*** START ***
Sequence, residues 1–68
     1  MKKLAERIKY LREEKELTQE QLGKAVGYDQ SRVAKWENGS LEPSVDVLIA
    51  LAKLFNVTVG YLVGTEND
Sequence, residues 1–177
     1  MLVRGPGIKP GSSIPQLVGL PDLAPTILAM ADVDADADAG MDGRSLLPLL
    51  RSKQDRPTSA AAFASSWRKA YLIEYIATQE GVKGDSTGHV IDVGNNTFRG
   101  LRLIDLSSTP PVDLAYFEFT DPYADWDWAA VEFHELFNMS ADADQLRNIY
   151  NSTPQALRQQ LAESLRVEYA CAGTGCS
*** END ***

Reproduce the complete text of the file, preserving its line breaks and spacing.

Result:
Sequence, residues 1–68
     1  MKKLAERIKY LREEKELTQE QLGKAVGYDQ SRVAKWENGS LEPSVDVLIA
    51  LAKLFNVTVG YLVGTEND
Sequence, residues 1–177
     1  MLVRGPGIKP GSSIPQLVGL PDLAPTILAM ADVDADADAG MDGRSLLPLL
    51  RSKQDRPTSA AAFASSWRKA YLIEYIATQE GVKGDSTGHV IDVGNNTFRG
   101  LRLIDLSSTP PVDLAYFEFT DPYADWDWAA VEFHELFNMS ADADQLRNIY
   151  NSTPQALRQQ LAESLRVEYA CAGTGCS